"We continue to review cases piecemeal," Choi wrote. "The problem is every time I'm about to wield a blunt instrument to our docket, some case shows up in the press that gives me pause."

After the Chronicle's Aug. 25 story on the dismissals, Ramlogan, the ICE supervisor in Washington, ordered Goldman to rescind the Houston memo, the records show.

ICE public affairs officials in Washington told reporters from the New York Times, the Miami Herald and Fox News that the dismissals affected a very specific group of illegal immigrants described in an Aug. 20 memo from Morton, the ICE director. That memo instructed ICE attorneys nationwide to consider dismissing only cases involving immigrants in removal proceedings who had active green card applications.

The recently obtained records show that through Aug. 24, ICE officials in Houston had already reviewed 1,924 cases and filed motions to dismiss 246. An internal ICE memo shows the actual number of cases in which local attorneys exercised prosecutorial discretion was actually much higher by the end of October, however, involving a total of about 445 cases.

In late October, Cornyn and other GOP senators on the judiciary committee demanded more information on the Houston dismissals, accusing Homeland Security officials of "selectively enforcing the laws against only those aliens it considers a priority."

In a written response, a top DHS official assured the senators that "the directive you cited in your letter instructing ICE attorneys to seek the dismissals of immigration proceedings involving certain classes of criminal aliens does not exist." The DHS official, Nelson Peacock, the assistant secretary for legislative affairs, referenced the agency's Aug. 20 memo in his reply, saying it "affects very few aliens, generally non-criminals who have married a U.S. citizen."

Nationally, the numbers of cases dismissed increased about 40 percent during the 2010 fiscal year, which ended Sept. 30, over the previous year, according to an analysis of immigration court data by the Transactional Record Access Clearinghouse at Syracuse University.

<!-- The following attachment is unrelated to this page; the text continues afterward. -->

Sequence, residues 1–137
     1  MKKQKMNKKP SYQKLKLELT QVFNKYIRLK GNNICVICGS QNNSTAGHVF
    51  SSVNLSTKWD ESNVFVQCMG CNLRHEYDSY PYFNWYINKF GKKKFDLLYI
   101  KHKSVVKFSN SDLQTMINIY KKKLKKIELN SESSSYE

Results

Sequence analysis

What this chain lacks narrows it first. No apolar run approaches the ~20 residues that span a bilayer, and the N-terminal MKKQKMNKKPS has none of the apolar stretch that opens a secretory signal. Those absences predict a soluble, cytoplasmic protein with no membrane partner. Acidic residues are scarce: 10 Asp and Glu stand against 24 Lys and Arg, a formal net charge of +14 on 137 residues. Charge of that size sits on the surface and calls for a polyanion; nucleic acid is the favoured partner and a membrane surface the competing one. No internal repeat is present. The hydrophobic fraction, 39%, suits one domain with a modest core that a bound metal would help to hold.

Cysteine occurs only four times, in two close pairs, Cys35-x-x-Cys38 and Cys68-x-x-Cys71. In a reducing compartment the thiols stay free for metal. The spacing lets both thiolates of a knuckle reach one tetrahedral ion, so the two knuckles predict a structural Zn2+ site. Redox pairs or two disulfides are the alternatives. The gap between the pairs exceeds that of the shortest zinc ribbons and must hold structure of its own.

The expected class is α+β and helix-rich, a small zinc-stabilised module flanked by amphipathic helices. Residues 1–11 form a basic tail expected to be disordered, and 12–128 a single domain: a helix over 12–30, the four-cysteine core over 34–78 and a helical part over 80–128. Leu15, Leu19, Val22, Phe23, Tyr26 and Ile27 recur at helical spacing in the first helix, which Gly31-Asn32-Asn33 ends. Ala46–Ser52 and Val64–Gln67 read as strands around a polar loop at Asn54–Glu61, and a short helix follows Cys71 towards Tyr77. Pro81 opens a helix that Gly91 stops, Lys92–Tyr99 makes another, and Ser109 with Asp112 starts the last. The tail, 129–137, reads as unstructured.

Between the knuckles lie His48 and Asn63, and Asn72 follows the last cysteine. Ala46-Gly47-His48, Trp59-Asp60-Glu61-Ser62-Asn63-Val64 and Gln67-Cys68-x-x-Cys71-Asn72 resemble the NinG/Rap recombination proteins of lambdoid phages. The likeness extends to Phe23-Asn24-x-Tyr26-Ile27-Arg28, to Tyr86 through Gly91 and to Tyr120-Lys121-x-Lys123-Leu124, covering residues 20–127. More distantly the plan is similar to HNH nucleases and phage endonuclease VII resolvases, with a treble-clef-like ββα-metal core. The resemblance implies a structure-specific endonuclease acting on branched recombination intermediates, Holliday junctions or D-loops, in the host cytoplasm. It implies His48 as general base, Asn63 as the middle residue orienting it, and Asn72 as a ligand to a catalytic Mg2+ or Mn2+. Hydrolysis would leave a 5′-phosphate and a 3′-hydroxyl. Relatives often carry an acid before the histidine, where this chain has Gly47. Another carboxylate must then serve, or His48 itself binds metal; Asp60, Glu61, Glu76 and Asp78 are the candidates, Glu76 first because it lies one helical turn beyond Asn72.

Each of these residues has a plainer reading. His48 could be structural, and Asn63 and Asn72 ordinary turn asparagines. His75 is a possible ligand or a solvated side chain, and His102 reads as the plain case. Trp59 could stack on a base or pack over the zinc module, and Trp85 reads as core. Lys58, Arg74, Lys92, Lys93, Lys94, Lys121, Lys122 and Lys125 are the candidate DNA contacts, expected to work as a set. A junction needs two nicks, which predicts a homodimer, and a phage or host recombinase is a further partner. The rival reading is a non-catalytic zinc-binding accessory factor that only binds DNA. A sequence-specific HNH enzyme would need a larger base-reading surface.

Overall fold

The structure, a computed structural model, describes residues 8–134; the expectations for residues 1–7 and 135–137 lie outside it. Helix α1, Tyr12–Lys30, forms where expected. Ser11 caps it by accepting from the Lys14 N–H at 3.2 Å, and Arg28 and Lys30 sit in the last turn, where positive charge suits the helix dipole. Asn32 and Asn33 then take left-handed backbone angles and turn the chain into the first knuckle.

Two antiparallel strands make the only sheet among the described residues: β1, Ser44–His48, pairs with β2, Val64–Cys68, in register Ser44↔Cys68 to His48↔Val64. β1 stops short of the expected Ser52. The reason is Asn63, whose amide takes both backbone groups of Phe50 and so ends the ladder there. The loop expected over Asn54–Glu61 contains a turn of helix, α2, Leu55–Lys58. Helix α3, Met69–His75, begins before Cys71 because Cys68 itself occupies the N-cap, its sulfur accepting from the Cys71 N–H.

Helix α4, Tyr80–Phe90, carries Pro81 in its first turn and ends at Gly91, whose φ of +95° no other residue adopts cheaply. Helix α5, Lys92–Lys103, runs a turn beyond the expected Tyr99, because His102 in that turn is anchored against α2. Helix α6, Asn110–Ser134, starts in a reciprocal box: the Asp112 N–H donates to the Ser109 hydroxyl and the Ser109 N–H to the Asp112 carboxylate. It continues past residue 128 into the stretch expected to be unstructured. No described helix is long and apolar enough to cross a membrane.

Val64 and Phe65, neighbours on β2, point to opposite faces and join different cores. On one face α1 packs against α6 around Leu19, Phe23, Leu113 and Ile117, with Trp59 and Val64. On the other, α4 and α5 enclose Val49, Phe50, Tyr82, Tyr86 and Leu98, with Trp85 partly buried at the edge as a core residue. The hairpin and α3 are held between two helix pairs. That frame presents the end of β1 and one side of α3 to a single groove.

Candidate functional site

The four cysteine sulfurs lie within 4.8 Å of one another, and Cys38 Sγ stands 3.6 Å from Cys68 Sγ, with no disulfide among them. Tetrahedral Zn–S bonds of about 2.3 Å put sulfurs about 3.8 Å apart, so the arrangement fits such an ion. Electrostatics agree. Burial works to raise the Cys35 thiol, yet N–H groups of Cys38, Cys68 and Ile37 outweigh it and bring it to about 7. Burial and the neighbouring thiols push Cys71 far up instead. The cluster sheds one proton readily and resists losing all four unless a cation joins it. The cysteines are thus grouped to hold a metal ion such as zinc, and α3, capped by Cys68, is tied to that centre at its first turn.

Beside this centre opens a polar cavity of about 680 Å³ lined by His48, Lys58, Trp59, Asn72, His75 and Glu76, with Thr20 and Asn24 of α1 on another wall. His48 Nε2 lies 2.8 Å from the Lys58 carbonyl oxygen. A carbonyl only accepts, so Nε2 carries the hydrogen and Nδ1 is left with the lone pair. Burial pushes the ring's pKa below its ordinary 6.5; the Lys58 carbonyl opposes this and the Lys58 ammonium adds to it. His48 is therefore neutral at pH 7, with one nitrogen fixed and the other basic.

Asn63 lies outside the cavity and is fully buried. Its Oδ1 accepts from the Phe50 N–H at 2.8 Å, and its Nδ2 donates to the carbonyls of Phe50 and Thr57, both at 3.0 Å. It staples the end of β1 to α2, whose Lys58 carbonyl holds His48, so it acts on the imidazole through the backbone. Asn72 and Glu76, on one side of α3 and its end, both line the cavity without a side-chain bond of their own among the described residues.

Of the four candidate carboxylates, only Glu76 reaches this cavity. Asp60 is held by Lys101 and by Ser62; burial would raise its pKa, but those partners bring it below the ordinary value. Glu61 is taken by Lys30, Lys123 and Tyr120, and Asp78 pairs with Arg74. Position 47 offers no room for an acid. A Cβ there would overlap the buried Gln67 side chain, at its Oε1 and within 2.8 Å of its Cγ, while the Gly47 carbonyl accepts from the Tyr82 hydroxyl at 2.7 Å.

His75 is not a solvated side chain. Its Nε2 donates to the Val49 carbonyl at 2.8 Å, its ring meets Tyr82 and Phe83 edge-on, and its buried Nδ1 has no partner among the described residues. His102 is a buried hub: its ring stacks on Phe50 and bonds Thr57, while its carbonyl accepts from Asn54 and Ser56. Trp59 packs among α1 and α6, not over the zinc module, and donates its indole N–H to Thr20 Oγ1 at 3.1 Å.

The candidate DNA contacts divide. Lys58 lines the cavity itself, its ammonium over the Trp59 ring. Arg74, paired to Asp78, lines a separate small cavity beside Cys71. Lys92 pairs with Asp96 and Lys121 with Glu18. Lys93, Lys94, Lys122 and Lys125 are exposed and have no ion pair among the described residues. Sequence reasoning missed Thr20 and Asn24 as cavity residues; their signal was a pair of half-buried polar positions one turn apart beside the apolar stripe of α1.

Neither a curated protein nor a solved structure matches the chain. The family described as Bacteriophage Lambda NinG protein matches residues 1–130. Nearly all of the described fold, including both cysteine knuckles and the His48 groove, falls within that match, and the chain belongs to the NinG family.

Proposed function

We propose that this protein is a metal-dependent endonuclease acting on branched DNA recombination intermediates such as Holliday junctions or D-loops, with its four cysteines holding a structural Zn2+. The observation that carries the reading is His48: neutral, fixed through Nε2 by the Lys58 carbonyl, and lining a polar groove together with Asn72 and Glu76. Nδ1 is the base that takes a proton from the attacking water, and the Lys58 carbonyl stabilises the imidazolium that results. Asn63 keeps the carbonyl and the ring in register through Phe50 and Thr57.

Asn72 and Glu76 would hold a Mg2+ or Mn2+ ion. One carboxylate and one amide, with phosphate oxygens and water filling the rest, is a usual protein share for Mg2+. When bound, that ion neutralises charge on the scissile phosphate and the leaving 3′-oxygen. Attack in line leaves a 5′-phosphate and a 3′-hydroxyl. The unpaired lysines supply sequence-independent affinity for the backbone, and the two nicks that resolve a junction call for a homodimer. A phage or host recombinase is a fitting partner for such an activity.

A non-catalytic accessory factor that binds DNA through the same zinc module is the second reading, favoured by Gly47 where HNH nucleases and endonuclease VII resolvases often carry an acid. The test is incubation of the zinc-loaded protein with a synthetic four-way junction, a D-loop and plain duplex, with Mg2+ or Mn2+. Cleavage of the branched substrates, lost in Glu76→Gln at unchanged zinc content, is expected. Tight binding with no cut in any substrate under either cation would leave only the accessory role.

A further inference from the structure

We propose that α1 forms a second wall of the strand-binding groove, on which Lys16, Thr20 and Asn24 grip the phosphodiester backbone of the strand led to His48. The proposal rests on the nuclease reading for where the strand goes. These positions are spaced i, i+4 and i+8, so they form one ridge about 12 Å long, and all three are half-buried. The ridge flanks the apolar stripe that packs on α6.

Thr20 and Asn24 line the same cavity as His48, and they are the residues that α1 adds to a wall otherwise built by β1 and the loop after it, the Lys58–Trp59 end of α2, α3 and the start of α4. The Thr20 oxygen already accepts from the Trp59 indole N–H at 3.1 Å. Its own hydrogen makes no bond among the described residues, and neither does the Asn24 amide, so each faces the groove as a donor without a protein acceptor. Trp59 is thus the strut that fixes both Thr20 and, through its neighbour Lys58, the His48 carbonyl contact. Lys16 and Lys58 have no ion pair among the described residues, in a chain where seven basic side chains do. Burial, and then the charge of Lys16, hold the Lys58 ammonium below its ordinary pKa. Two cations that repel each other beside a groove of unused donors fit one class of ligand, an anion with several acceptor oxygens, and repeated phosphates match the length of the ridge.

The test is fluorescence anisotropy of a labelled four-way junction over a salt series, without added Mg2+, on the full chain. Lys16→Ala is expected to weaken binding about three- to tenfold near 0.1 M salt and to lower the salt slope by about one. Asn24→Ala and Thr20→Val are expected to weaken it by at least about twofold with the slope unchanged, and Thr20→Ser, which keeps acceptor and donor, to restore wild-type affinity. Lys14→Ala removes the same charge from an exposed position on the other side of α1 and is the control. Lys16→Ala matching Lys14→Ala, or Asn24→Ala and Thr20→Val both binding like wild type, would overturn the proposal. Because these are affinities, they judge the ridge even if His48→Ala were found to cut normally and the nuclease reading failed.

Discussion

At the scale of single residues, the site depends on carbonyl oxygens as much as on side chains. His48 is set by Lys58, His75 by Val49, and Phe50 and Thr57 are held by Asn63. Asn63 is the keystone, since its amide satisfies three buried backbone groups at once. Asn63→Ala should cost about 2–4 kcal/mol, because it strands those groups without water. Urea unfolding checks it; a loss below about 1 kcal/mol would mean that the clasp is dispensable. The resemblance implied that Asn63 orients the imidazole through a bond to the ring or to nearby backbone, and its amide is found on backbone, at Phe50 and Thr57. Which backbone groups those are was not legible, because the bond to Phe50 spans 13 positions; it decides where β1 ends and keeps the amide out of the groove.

In Los Angeles, judges dismissed one in four cases, an increase of 200 percent over the previous year. Las Vegas also had a roughly 195 percent increase, and Dallas, Atlanta and Arlington all reported a more than 50 percent, the TRAC data shows.

ICE officials noted that judges likely dismissed some cases based on insufficient evidence and not just because of requests by government attorneys.

Locally, ICE is now granting very few dismissal requests and providing conflicting information on which cases may qualify, said Raed Gonzalez, the Houston liaison between the immigration court system and the American Immigration Lawyers Association.

ICE agreed to dismiss only two of the last 20 of his cases that Gonzalez argued merited prosecutorial discretion - a huge change from last summer when he saw case after case terminated, he said.

Gonzalez charged that immigration officials bowed to political pressure from conservatives last August instead of defending the dismissals as a common-sense measure.

"It's a big shame," he said. "The courts are so overwhelmed with cases that it's stupid not to take these cases out."

The immigration court system has more than 275,000 pending cases nationally, and the local docket is so clogged that hearings are being scheduled out into the summer of 2013.

Last Friday, Morton issued a new memo outlining more specifically what criteria government attorneys should consider before filing dismissal motions in immigration cases. Citing limited resources, Morton instructed agents and attorneys to carefully weigh a laundry list of factors - from an immigrant's community involvement to criminal history - before pushing ahead with deportation proceedings.

Goldman, who penned the Houston memo, announced his retirement last fall, effective June 30.

His supervisor, Ramlogan, is now the second-in-command at ICE's legal office at headquarters in Washington after earning a promotion.

susan.carroll@chron.com



Read more: http://www.chron.com/disp/story.mpl/chronicle/7627737.html#ixzz1QVa8ziOP